“Seeing this woman, who is more than qualified, being put through the wringer and having to explain herself in a way that her counterparts don’t was egregious,” said Ms. Jolly, 25.
One bright moment that touched several women was hearing Senator Cory Booker, Democrat of New Jersey, tell Judge Jackson: “You have earned this spot. You are worthy.”
Several women also mentioned feeling pride seeing Judge Jackson’s parents and daughters beaming in the hearing chamber.
“I’m grateful that Ketanji Brown Jackson is a dark-skinned Black woman with natural hair — that means something — and that she has her daughter with her in the hearings,” said Melina Abdullah, a professor of Pan-African studies at California State University, Los Angeles, and a co-founder of the city’s chapter of Black Lives Matter.
Yet Ms. Driskell, the Florida legislator, said it was difficult not to worry about the country’s long-term future when Supreme Court hearings become so politically charged.
“If America as a country does not course-correct, this is a harbinger of bad things to come,” said Ms. Driskell, who is 43 and a lawyer. “Because the end result will be the undermining of public faith and confidence in the judicial system.”
That is in part why the Supreme Court needs Judge Jackson, said Denise Lewin Loyd, a childhood friend of Judge Jackson who is an associate dean and business professor at the University of Illinois at Urbana-Champaign, where she studies how diversity affects the performance of small teams.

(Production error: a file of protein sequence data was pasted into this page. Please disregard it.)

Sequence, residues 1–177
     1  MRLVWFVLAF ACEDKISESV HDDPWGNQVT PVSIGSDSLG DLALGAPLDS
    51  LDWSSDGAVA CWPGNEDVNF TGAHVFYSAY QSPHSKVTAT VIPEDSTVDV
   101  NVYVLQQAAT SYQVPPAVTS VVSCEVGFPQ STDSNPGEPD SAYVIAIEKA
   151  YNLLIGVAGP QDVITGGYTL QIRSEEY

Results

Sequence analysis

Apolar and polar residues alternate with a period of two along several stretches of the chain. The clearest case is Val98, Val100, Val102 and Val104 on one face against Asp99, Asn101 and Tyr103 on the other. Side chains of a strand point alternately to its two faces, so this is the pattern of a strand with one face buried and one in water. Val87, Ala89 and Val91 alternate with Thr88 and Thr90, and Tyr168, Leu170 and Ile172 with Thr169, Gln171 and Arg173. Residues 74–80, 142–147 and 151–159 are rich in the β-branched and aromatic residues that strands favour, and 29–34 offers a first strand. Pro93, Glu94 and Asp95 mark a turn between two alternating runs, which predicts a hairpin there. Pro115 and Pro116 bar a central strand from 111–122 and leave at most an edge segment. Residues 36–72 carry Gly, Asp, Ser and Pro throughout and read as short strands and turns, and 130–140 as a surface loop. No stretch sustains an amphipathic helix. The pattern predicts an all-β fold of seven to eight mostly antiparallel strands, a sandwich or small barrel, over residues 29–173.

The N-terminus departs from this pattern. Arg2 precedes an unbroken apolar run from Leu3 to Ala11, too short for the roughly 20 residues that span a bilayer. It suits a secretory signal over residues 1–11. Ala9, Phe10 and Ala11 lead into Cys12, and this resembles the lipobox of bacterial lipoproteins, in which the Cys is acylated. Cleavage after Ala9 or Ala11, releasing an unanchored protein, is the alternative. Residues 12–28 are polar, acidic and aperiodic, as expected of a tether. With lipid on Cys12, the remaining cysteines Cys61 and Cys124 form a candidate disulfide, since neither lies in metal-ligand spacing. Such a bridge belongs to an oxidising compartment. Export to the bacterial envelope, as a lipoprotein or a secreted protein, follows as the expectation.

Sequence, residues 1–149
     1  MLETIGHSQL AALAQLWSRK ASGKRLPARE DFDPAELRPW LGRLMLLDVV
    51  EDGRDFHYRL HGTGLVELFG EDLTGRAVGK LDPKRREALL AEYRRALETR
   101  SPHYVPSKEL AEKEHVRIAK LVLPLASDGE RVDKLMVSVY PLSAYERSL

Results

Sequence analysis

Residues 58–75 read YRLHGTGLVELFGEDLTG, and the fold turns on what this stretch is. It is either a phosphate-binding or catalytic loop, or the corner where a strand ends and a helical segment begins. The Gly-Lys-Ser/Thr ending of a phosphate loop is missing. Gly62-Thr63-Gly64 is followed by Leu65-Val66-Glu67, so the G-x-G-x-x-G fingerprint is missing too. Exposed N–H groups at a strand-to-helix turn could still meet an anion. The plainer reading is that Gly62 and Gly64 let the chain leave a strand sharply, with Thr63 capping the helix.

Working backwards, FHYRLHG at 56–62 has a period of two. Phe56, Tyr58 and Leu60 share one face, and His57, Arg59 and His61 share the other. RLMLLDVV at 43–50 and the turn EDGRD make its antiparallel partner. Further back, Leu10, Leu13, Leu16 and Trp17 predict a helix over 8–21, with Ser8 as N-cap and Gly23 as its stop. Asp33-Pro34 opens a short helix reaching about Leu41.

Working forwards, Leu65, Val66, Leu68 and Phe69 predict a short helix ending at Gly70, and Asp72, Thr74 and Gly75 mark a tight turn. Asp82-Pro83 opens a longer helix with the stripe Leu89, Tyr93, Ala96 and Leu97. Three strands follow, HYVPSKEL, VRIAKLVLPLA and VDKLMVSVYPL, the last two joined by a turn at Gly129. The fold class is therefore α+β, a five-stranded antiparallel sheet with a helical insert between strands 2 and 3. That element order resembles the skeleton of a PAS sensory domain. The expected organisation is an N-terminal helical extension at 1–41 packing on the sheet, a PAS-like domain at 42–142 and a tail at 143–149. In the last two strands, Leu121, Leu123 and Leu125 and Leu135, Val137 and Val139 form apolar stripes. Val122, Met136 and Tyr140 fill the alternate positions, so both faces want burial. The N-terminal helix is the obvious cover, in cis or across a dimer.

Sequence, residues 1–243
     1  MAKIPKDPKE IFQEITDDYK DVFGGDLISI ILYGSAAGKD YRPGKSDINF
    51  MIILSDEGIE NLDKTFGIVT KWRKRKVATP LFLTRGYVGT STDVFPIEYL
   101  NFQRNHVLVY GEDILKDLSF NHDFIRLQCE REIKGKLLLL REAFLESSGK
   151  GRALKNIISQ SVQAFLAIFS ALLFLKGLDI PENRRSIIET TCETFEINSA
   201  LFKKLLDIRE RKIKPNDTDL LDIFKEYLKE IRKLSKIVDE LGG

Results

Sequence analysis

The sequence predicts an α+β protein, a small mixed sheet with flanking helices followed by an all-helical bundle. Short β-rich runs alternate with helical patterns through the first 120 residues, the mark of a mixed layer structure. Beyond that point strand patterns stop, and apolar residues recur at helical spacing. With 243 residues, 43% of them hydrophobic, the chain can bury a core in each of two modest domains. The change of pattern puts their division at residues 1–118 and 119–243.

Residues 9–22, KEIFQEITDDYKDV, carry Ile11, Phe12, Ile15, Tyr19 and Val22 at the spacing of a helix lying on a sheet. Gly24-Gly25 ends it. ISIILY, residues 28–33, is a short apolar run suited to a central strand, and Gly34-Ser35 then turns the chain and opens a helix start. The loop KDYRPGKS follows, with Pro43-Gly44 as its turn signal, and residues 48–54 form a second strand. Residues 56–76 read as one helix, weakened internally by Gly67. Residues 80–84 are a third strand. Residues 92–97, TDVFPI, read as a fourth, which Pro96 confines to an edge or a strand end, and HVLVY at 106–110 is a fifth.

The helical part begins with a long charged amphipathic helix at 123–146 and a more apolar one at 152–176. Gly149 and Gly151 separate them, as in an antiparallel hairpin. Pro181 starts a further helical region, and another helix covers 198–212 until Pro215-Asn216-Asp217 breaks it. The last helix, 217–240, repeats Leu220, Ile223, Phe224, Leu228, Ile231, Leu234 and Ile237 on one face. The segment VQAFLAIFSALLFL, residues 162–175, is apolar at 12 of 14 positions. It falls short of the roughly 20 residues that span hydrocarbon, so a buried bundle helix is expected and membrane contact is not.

The hearings reminded Dr. Loyd of how her own credentials were questioned when she applied for a job in the construction industry in Boston after earning a master’s degree from M.I.T. The interviewer, a white man, asked her what her grade-point average had been as an undergraduate, a question she found baffling after having earned an advanced degree from one of the nation’s top universities.
“The rarity of you in certain spaces exacerbates this question of, ‘How did you get here?’” she said.
It is precisely that perspective — from being a Black woman, from having been a federal public defender, from having served on the United States Sentencing Commission — that would make Judge Jackson an asset to the other justices, Dr. Loyd said.
“She will add so much value to the court because of this,” she said. “I’m thrilled.”